Right on Target.
I'm curious how I would have scored my review of the Hitman Starter Pack—which included the game's tutorial prologue and first main story mission—if I hadn't gotten to play the main Sapienza mission, World of Tomorrrow, at a preview event when I was shown the game earlier this year. As I was writing the review, I kept thinking "The game is more than this, I've seen it," but couldn't write about it due to an embargo on future content—this content. What I saw then holds true now, now that I've gotten to play the release version. Hitman Episode 2: Sapienza hits its target dead-on.
Keeping in line with the episodic nature of the game—which is treating each mission like a separate, linked short story—the mission takes Agent 47 to the fictional town of Sapienza, Italy. The hit is on a pair of scientists, Silvio Caruso and Francesca De Santis, who have cooked up a particularly nasty designer virus that can target people based on their genetic fingerprint. As Diana Burnwood tells 47, the virus is a nasty piece of work; but perhaps more importantly, it's bad for the business of being an assassin. It, and its creators, have to go.
The real star of the episode is Sapienza itself, the environment and characters that inhabit it. Nearly every location has its own characters telling their personal story—even if it's not one that leads to new opportunities, it teaches you about the town and gives background on the hit. The small storylines playing out in the small village are funnier, and the opportunities feel more absurd: If you can find and get inside the ISA safe house, you'll find an exploding golf ball you can use to blow up Caruso. You can also target him or Francesca with cannons at the not-quite-decommissioned fort at the end of his property. Both of these are Assassination challenges that reward you with experience points in the game.
Sapienza is far more spread out than Paris and shares more in common with the playful design of the prologue missions than the somewhat cold fashion show environment of the first episode. It feels larger, perhaps because it's widely spread out and the number of buildings available feel more varied in style. It has a James Bond feel that's clearly deliberate, with the entrance to the cave-based bio-lab heralded by an orchestral fanfare.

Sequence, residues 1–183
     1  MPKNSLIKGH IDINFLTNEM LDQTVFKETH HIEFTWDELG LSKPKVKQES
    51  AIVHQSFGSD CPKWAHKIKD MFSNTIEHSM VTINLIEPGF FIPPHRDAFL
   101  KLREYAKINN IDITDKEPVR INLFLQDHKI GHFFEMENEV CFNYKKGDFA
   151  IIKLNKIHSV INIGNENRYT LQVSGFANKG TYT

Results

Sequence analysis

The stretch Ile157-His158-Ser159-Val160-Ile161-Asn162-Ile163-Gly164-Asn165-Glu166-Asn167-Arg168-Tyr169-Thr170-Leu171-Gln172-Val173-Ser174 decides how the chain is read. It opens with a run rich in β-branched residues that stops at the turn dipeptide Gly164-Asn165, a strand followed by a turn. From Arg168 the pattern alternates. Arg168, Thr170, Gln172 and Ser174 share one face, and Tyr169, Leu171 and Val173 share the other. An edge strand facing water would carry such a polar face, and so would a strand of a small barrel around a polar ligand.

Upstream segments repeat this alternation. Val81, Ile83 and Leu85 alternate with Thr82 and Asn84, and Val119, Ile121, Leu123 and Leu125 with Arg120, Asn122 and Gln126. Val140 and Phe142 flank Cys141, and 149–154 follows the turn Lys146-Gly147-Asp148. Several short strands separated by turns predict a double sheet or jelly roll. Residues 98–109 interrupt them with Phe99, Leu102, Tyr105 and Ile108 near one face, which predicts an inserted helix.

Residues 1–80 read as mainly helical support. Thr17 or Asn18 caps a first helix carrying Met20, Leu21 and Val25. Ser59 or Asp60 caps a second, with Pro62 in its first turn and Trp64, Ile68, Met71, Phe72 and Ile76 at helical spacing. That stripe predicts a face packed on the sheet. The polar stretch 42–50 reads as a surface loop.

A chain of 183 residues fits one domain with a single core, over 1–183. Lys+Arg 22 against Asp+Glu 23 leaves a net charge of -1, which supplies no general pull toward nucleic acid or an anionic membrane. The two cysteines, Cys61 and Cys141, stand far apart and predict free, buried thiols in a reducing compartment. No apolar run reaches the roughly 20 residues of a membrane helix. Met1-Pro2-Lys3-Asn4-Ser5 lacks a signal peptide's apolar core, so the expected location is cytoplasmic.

The multiple path "opportunities" also feel less telegraphed in this episode. Following them leads to unique kill opportunities, yielding more points and which open up more weapons, disguises, and starting locations for the area. Leveling up also helps with the Escalation missions, where you start with a simple hit on a single target with a particular weapon or disguise, with further challenges and targets added with each successive playthrough. These add a ton of depth to the mission area, with three available at the episode launch.
This is not to say that it's perfect. There are a few bugs here and there; at one point, I was spotted and reported for a crime I committed by someone on the other side of a brick wall. Occasionally while pacifying enemies, by choking them, they will just die; which feels like it's either a bug or a feature designed to keep you from choking everyone. Either way, it adds an element of risk to the game that is particularly unforgiving and punishing to players, rather than adding to the excitement. However, this happened fairly irregularly, and the bulk of my gameplay experience has been excellent.
Perhaps Hitman: Sapienza feels stronger because it expects you to know how to play the game. While the Paris episode is fun, it still feels like it's holding your hand a bit; Sapienza and especially the "World of Tomorrow" mission feel like they're really dropping you into the world and seeing how you react to its challenges, while being much more playful with the game's ecosystem. Agent 47 is a cipher for how you want to play the game; he exists to unlock its secrets while also letting you establish your own style—within the game's parameters—and it's great to see how that evolves in this second episode.
Hitman Episode 2: Sapienza is available now for PC, Xbox One, and PS4, and can be purchased as a single episode for $9.99 or as part of a $50 upgrade to the Full Experience for those who've bought the starter pack. The Full Experience can be purchased for $60, and includes all current and future episode content.
Code provided by publisher. Review based on PS4 version.